Rated 5 out of 5 by from Where did money come from? This is an interesting book on the history of money all the way back to the first cultures that used coin to trade instead of barter. By understanding where money came from you will appreciate modern financial systems that we take for granted. He starts with explaining how money exists for you to have portability in your pocket. It is not convenient for a farmer to take eggs with him on vacation to buy things so instead he converts those eggs to money. He splits the book into the different financial innovations that have got us to the current system that we have. The first one is the banks. It is interesting to know that banks were not around until 500 AD in Italy. The banks created wealth by loaning out cash then having a multiplying effect. He also explains how the invention of the bond market was able to fund European wars that shaped the modern world. He talks about how the invention of the stock market created the modern corporation and the impact it has had on us. By understanding these past financial innovations of money we can look forward to the future and see where we should go. It also lets us know what mistakes not to repeat. Knowing about lessons from the great depression and the dot com bubble for example will be useful knowledge to many people.
Date published: 2010-02-26
Rated 4 out of 5 by from Good History Although I am highly skeptical of the Chimerica concept, the book is a very useful and informative history of the financial system.
Date published: 2009-12-09
Rated 2 out of 5 by from Not for all tastes! The flapjacket of the book held so much promise by somehow I was disappointed as I was hoping to learn more about the basics of world finance. The book has a promising start when dealing with the history of money. As soon as we arrive into the world of modern finance abounding in hedge funds and derivatives it is all downhill. The book is better suited for students of finance and not the common folk. However, the author did a good job of explaining the sub-prime mortgage mess that we will be facing for years to come.
Date published: 2009-03-31
Rated 4 out of 5 by from Money Makes the World Go Round The latest book by Harvard professor and popular commentator Niall Ferguson is a historical look at the rise of finance. Ever wonder how the stock market came to be? Exactly how and why did the evolution of credit lead to the rise of civilizations? Could all the world's conflicts be explained by economics? These are the historical questions Ferguson poses and attempts to answer in "The Ascent of Money." Ferguson's primary purpose for the book is by using economic history to help explain the complexities of modern financial institutions. Why, might you ask is this important? Because the average person knows little to nothing about such simple financial facts such as the interest rate charged by their credit card. Never before, in this globalized, highly coupled world that we live in today, has financial knowledge and a fundamental understanding of financial institutions been more important than it is today. Everyone is affected by world markets, interest rates, and inflation one way or another. While I think Ferguson does an admirable job in explaining such complex subjects such as mortgage-backed securities or credit-default swaps, I still think that anyone who does not have a Econ 101 or Fin 101 will still have problems following these inherently difficult to understand topics. Ferguson's writing, thank goodness, does not contain the snobbery that sometimes comes across when he appears as a commentator. As for the historical content, I think Ferguson is a little selective in some of the topics he chooses. As one would expect, Lord Rothschild is used throughout the book as an example to explain the rise of debt worldwide. There are detailed accounts of the rise and fall of Argentina, the American Civil War, the French Revolution, and much more. Regarding Ferguson's philosophy. He appears to be a pragmatic neoliberal. He is a proponent of free-trade, but for example he writes that "of all the lessons to have emerged from this collective effort... inept or inflexible monetary policy in the wake of a sharp decline in asset prices can turn a correction into a recession and a recession into a depression." (p. 163). Ferguson takes exception with the Keynesians like Stiglitz and Krugman but while at the same time exploring the relative benefits of Milton Friedman's Chicago School "Washington Consensus". He describes Chile's economy as the shining star in Latin America following Pinochet while passing judgment over the massive human costs. And finally, he places the primary blame on Alan Greenspan for his "loose" monetary policy for the current crisis we find ourselves in. Some reviewers have critiqued the book for its lack of historical breadth, and to some extent I would agree. However, the book is already 350+ pages, and more historical examples would dilute Ferguson's arguments. As ambitious as it is to try to explain such a complicated subject, Ferguson is mostly on the mark. I highly recommend this book for anyone who wants to know more about the history of finance.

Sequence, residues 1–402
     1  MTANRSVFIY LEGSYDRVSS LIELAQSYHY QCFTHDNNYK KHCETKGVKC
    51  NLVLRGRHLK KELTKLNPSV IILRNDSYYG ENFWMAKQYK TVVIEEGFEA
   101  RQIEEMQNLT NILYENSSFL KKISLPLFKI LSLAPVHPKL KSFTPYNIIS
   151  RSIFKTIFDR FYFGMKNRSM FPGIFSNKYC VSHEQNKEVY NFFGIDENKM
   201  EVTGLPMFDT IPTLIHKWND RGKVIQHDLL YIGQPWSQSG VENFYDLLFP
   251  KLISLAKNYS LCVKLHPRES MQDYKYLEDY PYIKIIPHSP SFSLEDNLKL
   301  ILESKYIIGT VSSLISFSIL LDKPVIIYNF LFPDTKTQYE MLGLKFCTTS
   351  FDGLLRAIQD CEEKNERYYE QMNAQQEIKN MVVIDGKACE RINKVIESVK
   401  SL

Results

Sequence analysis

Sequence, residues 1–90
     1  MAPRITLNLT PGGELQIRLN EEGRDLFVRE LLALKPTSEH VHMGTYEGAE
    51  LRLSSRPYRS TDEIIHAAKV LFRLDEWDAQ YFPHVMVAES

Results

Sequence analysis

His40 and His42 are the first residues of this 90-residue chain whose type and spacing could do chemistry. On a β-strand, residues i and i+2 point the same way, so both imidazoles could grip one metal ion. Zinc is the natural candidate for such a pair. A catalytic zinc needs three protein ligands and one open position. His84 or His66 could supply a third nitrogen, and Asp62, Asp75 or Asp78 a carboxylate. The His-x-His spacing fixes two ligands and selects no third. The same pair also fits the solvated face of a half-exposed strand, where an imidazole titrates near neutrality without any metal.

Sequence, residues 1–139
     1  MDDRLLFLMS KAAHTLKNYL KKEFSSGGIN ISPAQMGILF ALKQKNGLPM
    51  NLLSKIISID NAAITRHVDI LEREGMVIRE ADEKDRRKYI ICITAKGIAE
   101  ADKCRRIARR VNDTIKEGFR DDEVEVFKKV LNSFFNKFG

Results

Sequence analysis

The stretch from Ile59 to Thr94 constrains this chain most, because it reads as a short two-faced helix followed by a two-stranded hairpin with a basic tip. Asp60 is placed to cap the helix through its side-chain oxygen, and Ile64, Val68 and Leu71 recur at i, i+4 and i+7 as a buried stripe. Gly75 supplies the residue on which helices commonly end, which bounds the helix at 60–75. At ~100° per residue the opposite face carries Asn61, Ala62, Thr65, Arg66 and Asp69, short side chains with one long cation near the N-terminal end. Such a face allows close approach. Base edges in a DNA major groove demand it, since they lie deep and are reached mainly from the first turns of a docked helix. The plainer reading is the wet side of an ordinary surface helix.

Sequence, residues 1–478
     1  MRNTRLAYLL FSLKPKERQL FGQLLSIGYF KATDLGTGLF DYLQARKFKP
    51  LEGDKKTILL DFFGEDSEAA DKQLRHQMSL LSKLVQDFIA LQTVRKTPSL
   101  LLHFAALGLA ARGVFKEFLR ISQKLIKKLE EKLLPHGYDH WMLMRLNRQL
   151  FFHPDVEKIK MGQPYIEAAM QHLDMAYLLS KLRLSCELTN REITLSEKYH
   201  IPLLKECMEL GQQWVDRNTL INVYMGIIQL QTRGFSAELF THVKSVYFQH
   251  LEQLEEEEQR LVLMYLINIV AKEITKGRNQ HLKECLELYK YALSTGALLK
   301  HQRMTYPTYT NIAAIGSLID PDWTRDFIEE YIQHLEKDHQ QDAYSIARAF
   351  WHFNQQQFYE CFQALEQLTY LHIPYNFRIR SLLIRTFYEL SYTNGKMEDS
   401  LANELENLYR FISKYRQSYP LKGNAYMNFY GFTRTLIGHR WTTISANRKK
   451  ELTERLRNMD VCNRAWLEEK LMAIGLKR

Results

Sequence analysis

Date published: 2008-12-17

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Editorial Reviews

" Before regulators throw block trades, bond swaps, bridge financing, butterfly spreads and Black-Scholes out with the bathwater, they should find time to read Niall Ferguson's The Ascent of Money." -The Wall Street Journal "[An] excellent, just in time guide to the history of finance and financial crisis." -The Washington Post " Shrewdly anticipates many aspects of the current financial crisis, which has toppled banks, precipitated gigantic government bailouts and upended global markets." -Michiko Kakutani, The New York Times